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A rough week for Credit Suisse but a bigger test is to come

The Swiss bank’s latest travails seem to have more to do with publicity than liquidity but the messaging will be known come October 27

Company headquarters of Switzerland's two largest banks UBS (background) and Credit Suisse at Zurich, Switzerland, Paradeplatz.

It probably started with a fishing fleet in Mozambique, and then things got really bad with Archegos’s demise. There have been rebuttals and excuses but Credit Suisse has had been embroiled in scandal after scandal for years.

The unwanted social media event over the weekend — at least in parts of Zurich — was the bank’s apparent ‘Lehman moment’ when its share price plummeted and some of its CDS spreads widened. In an article on Monday, GlobalCapital dismissed the idea that this was the Swiss bank’s downfall but did draw a parallel to market sentiment in 2008.

Since then, things have settled down to an extent. On the back of a global risk rally, the stock prices has recovered a little and the volatility seems to have faded.

Are things as bad as they seem at Credit Suisse? The firm appears to have plenty of regulatory capital after all.

It appears that a lot of the bank’s actual problems appear to stem from bad publicity — namely chatter on social media — rather than actual capital frailties.

Unless there is another Greensill-type scandal lurking within the bank somewhere then certainly the price moves in the shares and the CDS were alarming.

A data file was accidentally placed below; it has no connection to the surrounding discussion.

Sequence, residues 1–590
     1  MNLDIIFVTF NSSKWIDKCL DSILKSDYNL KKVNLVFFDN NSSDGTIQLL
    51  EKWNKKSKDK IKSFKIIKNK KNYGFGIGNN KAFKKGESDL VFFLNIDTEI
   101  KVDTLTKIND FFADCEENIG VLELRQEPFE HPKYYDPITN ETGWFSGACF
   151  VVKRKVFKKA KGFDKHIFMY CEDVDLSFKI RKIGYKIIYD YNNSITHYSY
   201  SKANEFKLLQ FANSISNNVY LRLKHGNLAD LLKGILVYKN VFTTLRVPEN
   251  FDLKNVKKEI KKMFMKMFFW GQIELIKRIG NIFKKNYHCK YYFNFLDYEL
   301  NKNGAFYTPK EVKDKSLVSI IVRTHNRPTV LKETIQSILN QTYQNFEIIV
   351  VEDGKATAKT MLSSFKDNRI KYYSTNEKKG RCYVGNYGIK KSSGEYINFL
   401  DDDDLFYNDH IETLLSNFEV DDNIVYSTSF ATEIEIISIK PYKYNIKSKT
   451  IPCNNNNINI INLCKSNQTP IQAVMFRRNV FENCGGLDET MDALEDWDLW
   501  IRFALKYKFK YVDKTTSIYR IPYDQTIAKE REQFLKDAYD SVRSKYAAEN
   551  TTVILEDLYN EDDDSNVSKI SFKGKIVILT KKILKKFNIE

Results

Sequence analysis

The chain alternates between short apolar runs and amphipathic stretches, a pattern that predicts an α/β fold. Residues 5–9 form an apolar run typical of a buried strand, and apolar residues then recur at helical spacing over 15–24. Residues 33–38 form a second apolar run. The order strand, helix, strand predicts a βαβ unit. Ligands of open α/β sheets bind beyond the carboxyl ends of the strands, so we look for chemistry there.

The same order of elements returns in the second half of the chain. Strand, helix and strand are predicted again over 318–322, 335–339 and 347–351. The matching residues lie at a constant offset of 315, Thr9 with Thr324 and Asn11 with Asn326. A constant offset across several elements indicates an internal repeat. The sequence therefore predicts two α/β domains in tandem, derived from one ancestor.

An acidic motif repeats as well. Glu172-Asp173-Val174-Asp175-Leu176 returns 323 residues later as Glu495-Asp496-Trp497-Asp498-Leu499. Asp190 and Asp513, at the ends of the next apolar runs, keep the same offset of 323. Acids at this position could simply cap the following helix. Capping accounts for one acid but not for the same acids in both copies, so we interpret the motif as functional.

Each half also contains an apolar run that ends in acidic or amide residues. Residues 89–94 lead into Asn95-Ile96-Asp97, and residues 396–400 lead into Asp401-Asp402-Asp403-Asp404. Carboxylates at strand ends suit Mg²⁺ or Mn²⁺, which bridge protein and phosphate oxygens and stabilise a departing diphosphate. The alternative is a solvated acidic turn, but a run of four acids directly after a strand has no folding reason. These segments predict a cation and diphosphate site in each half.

The bank’s upcoming strategic review on October 27 now has even more riding on it than did before. For those following CS’s recent escapades there are a lot of questions that will need to be answered. When will the bank sell its securitization business? Will the US business stay open?

In the meantime, it is important to look at the experience of other banks. One name bandied about on Twitter over the weekend was Deutsche Bank, of course a bank no stranger to controversy that has been through, and survived, its own ‘Lehman moment’ and a big restructuring.

In August, Credit Suisse appointed Dixit Joshi from Deutsche, and his experience of the restructuring will no doubt coming in useful for the Swiss outfit.

Two weeks ago, Credit Suisse suggested plans would include splitting its investment bank into three, which would include the formation of a bad bank for its toxic assets and divesting profitable units.

As one banker told GlobalCapital this week: “I'm not sure there's going be a new financial crisis, I think banks are just in just a different place from where they were in 2008. The capital positions, liquidity positions, and the fallbacks that the central banks and the regulators put in place 14 years ago means it is just a markedly different environment.”

Ulrik Koerner, the bank’s CEO, is said to have spent last weekend rushing around transmitting the message that all was well despite the price action in the bank’s stock and CDS. It was just the sort of reassurance that seemed to give some people even more to worry about.

Therefore, it is now more vital than ever that the firm’s next bit of communication — the revelation of its latest strategy on October 27 — is thorough and decisive in restoring its reputation.